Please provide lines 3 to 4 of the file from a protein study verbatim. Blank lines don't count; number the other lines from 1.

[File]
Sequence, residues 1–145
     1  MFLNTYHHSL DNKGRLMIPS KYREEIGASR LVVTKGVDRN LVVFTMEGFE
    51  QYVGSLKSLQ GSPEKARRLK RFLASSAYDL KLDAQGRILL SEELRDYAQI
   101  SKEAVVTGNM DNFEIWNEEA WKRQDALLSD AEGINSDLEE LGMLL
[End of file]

    51  QYVGSLKSLQ GSPEKARRLK RFLASSAYDL KLDAQGRILL SEELRDYAQI
   101  SKEAVVTGNM DNFEIWNEEA WKRQDALLSD AEGINSDLEE LGMLL